By Ken Coates and Greg Finnegan
October 26, 2022
Funding First Nations governments in Canada is a complicated affair, reflecting all manner of influences, including community needs, government priorities, direct transfer, treaty payments, own-source revenue, funding from corporate collaboration agreements, fees, and local taxes, among others. But financing the core responsibilities of Indigenous governments comes from the government of Canada. There is no fixed formula for funding First Nations governments. In fact, there are dramatic variations in both the administration responsibilities of individual First Nations and the money allocated to the First Nation.
Federal funding is neither a “gift” to the community nor a recognition of their “special status.” Most of the money covers costs associated with education, health care, social housing, and basic infrastructure – federal government duties that are discharged in other jurisdictions by provincial and municipal governments or federal agencies. The myth of government generosity to First Nations remains pervasive in Canada but is a severe misrepresentation of the financing of Indigenous communities.
This paper examines the finances of a sample of 12 First Nations from across Canada, using their published audited financial statements to describe the inequality in First Nation government financing in Canada. Our project focuses on eight rural and remote communities, including Wabigoon, Neskantaga, Wahnapitae, Doig River, Canupawakpa, Siksika, Buffalo River, and Muskrat Dam, alongside the more urban Indigenous communities of Kwänlin Dun (Whitehorse), Tsawwassen in the Lower Mainland of BC, Moosomin and Cowessess in Saskatchewan, the Maliseet Nation at Tobique bordering Perth/Andover in New Brunswick, and the Membertou in Cape Breton.
In Canada, First Nation financial accountability is covered under the First Nations Financial Transparency Act. The purpose of the Act was to enhance the financial accountability and transparency of First Nations by requiring the preparation and public disclosure of their audited consolidated financial statements and of the schedules of remuneration paid and expenses reimbursed to a First Nation’s chief and each of its councillors.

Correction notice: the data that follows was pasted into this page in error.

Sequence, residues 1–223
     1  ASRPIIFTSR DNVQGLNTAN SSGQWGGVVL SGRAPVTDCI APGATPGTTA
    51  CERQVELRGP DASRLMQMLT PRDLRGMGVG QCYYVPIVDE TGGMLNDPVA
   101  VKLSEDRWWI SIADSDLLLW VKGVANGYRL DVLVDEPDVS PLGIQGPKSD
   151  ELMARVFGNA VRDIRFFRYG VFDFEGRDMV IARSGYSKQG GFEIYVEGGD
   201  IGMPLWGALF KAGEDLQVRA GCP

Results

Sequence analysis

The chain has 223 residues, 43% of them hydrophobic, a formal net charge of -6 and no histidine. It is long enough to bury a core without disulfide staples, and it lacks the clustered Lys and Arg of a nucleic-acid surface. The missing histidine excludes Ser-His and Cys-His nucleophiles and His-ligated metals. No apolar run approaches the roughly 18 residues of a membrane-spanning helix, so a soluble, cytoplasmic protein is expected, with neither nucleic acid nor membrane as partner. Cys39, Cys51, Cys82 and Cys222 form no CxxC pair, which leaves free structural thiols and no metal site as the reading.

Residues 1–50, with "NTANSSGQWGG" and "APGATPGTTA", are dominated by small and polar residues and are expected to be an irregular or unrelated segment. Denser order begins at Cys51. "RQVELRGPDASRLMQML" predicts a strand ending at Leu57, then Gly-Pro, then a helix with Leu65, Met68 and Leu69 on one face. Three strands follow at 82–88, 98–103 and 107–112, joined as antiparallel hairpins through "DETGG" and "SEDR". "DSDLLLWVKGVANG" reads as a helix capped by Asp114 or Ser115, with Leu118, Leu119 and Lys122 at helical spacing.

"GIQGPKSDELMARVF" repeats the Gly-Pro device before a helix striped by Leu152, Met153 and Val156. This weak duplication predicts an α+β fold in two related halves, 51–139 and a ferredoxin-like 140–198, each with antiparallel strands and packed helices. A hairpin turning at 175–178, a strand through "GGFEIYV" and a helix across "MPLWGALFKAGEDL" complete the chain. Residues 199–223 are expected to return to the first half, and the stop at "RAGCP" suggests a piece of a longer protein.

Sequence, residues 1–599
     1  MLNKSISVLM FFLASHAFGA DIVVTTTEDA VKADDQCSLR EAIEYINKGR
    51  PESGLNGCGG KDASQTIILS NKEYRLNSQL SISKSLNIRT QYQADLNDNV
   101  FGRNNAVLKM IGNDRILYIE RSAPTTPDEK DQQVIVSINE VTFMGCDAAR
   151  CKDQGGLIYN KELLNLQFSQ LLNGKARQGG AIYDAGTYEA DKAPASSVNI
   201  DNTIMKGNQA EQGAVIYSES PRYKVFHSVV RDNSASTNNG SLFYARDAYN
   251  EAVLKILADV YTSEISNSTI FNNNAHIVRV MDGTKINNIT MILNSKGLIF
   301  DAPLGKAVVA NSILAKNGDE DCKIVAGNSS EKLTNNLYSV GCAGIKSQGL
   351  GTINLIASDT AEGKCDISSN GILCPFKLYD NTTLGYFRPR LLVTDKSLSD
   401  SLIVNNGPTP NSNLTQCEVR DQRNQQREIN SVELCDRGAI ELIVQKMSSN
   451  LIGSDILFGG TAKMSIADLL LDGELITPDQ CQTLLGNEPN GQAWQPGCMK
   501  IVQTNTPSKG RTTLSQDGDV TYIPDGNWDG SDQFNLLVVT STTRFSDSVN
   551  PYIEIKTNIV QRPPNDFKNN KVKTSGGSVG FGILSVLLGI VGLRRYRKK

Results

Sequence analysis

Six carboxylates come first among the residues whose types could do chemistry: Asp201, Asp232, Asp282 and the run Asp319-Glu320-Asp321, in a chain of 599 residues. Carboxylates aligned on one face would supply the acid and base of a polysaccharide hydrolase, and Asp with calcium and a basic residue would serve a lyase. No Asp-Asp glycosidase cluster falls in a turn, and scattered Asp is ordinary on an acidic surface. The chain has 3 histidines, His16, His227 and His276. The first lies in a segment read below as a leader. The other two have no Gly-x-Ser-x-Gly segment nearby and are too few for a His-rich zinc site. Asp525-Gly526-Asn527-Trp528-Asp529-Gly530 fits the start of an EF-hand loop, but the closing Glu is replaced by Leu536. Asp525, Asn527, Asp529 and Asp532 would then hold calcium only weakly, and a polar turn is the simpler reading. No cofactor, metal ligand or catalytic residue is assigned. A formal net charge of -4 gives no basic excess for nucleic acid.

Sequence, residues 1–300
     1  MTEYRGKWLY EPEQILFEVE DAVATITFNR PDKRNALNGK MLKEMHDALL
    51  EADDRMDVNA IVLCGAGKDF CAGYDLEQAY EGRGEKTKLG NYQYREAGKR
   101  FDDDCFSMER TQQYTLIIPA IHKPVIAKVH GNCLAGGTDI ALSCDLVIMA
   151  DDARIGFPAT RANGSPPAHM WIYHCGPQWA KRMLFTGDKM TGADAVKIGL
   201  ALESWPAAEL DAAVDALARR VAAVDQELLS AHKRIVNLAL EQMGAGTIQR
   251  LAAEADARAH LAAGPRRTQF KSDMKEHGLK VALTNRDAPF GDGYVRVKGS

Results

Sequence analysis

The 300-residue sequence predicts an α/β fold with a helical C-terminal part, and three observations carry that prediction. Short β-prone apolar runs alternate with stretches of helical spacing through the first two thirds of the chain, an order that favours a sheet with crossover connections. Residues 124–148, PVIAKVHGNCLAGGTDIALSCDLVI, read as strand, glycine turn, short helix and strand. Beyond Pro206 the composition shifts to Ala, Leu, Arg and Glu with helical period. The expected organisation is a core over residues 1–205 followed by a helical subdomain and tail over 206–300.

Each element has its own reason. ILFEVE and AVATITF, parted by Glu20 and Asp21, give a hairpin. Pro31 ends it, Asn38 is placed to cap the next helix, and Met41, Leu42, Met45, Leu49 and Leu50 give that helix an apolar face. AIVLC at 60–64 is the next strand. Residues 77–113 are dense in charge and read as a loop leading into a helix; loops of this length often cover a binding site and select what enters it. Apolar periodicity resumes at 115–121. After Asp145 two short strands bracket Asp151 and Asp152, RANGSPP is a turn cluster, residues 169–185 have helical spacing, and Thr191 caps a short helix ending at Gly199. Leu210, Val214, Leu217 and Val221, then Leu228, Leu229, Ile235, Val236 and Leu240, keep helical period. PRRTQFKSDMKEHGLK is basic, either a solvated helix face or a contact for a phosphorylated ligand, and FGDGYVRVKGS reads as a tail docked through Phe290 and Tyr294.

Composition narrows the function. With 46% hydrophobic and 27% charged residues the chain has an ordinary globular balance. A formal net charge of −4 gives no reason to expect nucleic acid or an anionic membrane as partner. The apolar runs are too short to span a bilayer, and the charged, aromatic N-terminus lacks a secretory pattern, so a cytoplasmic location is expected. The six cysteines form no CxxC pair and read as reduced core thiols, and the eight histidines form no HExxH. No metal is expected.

First Nation audits should not be seen as a Crown-imposed duty, but as a duty of First Nation governments and administration to their members to document revenues, expenditures, and assets and liabilities. Audited financial statements give confidence to members about how the First Nation’s money was spent. An audit is an independent review of a Nation’s financial statements or an outside look at a First Nation’s finances. The audited statement not only fulfils the fiduciary responsibility of chief and council and the government with its people, but it is also an essential financial document for future fundraising initiatives, financial and economic development planning, and self-assessment.
While accounting standards and auditing policies help to standardize audited accounts and best practices, not all First Nations organize their government management systems in the same way, nor do all report on the same administrative categories. This inconsistency is a major limitation. There are two core issues at play: the sums of money (and conditions attached thereto) available to First Nations governments and their ability to manage these funds appropriately, a formidable challenge given the small scale and limited professional capacity of most First Nations.
However, society has come to expect transparency and full disclosure from governments and from publicly traded corporations. As First Nations increase their economic role in society, it is likely that society will increasingly expect that their financial reports will also be available.
Strong, well-organized, and thoughtful First Nations governments are now an essential condition for First Nations well-being. It is clear that effectively managed First Nations understand treaty and legal arrangements, work effectively with federal, provincial, and municipal authorities, and approach commercial activities with a keen sense of business and an Indigenous approach to maximize the socio-economic benefits of successful companies. This paper reinforces the importance of effective governance to community well-being and revitalization.
A growing number of First Nations have skillfully worked through the complex opportunities and challenges and many others are looking for lessons from their experiences. That is one of the most hopeful prospects for steady improvements in Indigenous well-being in the years and decades to come.